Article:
Regardless of the incidents that have happened in the past, White has chose not to introduce an official social media policy to UFC fighters. His “common sense” stance continues.

Over the last couple of years, the UFC has begun to run fighter summits in Las Vegas. The fighter summit is an event where every fighter currently under contract to the organization meets in Las Vegas for seminars on how to use social media, sensitivity training and a number of other topics. White feels the fighter summits have gone a long way in preventing his fighters saying the wrong things on social media, an aspect that is very significant as the UFC brand continues to grow on a worldwide platform.

“That’s the only real media training we have. When you really look at our business and our sport and our athletes, these are all really good guys.” White said. “We really don’t have that many problems.”

Unlike any other sports organization out there, the UFC actually gives incentives to their fighters for using social media. Twice a year they will announce winners for a number of categories for Twitter, paying the winners $5,000 each.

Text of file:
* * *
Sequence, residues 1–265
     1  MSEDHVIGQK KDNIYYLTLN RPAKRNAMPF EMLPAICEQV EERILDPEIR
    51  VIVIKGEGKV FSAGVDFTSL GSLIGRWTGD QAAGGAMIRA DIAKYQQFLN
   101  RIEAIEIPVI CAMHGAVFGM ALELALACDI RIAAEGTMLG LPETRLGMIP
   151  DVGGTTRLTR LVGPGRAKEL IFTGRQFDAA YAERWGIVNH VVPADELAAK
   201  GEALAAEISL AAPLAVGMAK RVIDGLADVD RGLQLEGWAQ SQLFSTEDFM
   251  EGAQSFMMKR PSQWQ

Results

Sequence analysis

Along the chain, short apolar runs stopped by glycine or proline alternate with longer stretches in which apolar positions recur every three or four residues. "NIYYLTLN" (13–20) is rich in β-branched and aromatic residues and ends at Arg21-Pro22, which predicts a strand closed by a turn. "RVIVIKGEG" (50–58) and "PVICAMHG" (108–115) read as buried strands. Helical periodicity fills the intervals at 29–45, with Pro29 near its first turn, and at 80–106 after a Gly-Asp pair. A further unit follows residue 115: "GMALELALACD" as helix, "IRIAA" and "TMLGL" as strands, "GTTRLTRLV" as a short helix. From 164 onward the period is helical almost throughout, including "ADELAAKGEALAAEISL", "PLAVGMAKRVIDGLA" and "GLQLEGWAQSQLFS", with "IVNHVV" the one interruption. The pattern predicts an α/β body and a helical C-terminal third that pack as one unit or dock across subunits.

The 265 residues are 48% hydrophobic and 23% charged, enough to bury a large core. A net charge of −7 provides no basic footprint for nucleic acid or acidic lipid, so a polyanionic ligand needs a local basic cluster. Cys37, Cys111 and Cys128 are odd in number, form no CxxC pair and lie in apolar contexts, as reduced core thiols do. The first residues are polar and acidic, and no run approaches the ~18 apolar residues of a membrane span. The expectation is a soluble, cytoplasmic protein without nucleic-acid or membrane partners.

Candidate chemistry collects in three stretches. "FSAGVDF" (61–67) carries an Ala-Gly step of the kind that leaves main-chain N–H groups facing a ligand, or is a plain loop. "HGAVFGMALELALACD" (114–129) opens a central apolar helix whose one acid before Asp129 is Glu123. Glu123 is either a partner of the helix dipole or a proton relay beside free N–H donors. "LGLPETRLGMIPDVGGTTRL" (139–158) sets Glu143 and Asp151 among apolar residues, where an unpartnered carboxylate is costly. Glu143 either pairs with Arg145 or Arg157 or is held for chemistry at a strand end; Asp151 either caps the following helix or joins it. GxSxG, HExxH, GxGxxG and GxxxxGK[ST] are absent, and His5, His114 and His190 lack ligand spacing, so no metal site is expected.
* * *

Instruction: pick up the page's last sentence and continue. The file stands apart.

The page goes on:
“The way that it works is, we give away bonuses for whoever has got the most followers over a certain period of time, the most creative tweet,” he said. “There’s a bunch of different categories that we pay for.”

Ultimately, White feels social media causes more positive than negatives for his company. The UFC’s use of social media goes beyond just fighters interacting with fans. The entire company embraces social media. For example, the UFC YouTube channel has more than 333 million channel views, and the average video views are more than the NFL, MLB, NHL and NBA combined.

White uses social media as well, interacting with fans on Twitter and giving away free tickets to events. In fact, the UFC president has more Twitter followers than any other commissioner of a major organization and every fighter currently on his roster besides middleweight champion Anderson Silva at nearly 2.2 million followers.

“The night of the fight what happens is I get there about three-hours before the prelims even start, we do rehearsals inside the arena, we check the levels and make sure that everything is cool. Then me and the girl who heads up all of our social media go into my room in the back and we starting check all the – not just Twitter, but Facebook, chat sites and we start engaging and talking to people and putting out information and telling people.” White explained of his personal use of social media. “Some of these countries where we haven’t secured television deals yet, we tell them how they can watch it,